NGO report: 4 out of 10 girls say journey to school unsafe
During the survey, conducted across six states, 509 adolescent girls were interviewedUpdated: May 29, 2018, 23:40 IST
Though the Centre amended Criminal Law Ordinance, 2018, allowing death sentence for child rapists, public safety is still a concern for girls.
A study by non-profit group Save the Children, which throws light on ‘perceptions of girls safety in public, revealed 38% girls perceived that travel to school, local market or tuitions could be unsafe, while 35% said they feel insecure while travelling in public transport.
During the survey, conducted across six states, 509 adolescent girls, 185 adolescent boys, 135 parents and 42 young women in rural and urban areas of Maharashtra were interviewed.
Study states the presence of gangs and loafers in public spaces was the main cause of concern, with 46% of girls listing this as their primary concern. Another concern expressed by the girls, who were interviewed, was poor lighting in public places, wherein 39% of girls feared to visit such places.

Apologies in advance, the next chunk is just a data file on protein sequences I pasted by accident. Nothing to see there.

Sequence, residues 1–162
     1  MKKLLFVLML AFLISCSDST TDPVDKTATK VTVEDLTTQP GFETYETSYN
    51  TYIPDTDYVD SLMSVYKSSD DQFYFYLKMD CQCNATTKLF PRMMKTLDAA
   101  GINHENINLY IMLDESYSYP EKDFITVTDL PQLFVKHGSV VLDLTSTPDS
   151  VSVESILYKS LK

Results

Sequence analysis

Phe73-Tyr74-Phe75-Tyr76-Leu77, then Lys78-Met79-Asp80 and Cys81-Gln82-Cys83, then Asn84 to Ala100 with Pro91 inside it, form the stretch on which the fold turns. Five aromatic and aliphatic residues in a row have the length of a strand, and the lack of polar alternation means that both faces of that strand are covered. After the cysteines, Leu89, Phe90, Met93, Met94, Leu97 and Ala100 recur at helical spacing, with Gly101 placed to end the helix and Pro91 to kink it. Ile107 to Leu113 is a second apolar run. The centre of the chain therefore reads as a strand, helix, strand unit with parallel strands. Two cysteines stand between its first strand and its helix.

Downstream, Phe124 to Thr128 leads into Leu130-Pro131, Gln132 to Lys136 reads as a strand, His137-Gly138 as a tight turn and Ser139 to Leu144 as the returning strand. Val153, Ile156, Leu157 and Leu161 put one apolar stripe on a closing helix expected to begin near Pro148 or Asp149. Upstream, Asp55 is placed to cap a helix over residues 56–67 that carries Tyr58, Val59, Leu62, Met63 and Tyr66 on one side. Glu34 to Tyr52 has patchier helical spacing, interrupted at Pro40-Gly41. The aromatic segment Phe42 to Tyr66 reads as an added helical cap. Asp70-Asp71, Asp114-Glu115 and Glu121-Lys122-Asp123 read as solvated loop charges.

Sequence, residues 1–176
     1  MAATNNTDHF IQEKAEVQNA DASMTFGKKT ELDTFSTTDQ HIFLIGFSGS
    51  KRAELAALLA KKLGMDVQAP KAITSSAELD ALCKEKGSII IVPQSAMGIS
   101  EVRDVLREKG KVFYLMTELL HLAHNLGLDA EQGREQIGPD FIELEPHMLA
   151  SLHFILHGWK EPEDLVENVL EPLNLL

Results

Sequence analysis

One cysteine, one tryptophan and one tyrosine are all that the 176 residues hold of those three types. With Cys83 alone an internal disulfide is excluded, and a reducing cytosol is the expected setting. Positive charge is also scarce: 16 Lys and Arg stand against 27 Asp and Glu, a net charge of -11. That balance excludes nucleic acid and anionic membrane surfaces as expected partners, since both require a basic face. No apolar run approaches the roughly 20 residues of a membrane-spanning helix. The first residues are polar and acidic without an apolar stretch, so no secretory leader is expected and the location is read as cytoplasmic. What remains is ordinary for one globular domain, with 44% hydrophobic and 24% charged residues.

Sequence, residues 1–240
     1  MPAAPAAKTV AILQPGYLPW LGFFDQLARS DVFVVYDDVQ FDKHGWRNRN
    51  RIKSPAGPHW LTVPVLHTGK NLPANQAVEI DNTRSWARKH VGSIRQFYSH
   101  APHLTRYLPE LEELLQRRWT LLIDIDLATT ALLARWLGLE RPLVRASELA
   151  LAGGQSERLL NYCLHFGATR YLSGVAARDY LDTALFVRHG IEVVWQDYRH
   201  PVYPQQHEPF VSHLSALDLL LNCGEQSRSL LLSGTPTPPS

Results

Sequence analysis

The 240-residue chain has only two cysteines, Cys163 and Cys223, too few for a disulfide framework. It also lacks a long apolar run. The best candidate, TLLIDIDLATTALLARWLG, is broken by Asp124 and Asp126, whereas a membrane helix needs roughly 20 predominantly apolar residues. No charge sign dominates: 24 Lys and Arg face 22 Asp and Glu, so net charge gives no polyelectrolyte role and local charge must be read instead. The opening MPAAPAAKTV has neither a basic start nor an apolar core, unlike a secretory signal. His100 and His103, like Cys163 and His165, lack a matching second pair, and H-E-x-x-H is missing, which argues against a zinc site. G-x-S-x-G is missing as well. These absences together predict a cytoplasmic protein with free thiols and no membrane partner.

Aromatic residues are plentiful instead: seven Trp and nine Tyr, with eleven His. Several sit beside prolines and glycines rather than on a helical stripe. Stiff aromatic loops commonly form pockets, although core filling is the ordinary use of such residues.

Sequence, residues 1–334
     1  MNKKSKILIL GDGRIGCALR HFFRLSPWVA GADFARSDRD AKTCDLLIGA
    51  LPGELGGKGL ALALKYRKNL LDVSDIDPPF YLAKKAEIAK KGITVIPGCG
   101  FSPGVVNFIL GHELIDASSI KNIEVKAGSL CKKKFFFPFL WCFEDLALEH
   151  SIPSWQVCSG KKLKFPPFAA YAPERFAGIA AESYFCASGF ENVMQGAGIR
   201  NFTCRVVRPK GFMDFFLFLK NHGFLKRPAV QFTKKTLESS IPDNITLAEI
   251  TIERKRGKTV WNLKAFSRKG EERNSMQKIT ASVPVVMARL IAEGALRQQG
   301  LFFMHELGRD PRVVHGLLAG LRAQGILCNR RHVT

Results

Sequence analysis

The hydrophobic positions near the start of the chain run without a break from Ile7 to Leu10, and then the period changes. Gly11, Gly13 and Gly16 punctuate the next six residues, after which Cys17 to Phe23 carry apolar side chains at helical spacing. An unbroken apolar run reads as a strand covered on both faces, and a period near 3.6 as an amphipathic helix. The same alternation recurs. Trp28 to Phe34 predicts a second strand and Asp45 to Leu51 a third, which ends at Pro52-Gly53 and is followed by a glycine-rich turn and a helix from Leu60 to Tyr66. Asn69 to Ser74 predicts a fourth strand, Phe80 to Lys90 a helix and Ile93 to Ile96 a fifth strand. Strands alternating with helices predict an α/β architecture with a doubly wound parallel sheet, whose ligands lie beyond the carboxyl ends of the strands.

“All children have a right to feel safe and protected in public spaces. We have to ensure that this right is not violated and they can roam about feeling safe and sound,” said Sanjay Sharma, State Head, Save the Children in Maharashtra.
Suggesting measures required to make the places safe for young girls, Sharma said all stakeholders need to come together to strengthen existing child protect systems and laws.
The data goes on to add that 52% of girls are worried of lewd comments in unsafe public places. Saleha Khan, a resident of Govandi, said her sister was asked to drop out of school when she was in ninth grade because her parents worried about safety in the society.
“In our community, we are expected to go to toilets accompanied by parents because there are loafers loitering around there. One of the reason for early marriages within our community is because parents fear that we will be eve-teased on our way to college,” said Khan.
Suggesting the measures that could help bring down the figures, Dr Sonali Mukherjee, General Manager-Research, Save the Children, said that apart from having CCTV cameras in public places, curriculum in school needs to made gender sensitive and more women police personnel need to be deployed.
“Women facing harassment often complain they do not find police around to register their complaint. In that case, if there are women officers around, these girls won’t feel hesitant,” she added.
Speaking at the report launch, Women and Child Welfare minister Pankaja Munde, said, “The rate of conviction has gone up, and people are reporting more cases of harassment faced by them, which is a welcome change. Not like there wasn’t harassment earlier, but now because incidents are being reported, the numbers have gone up,” Munde said.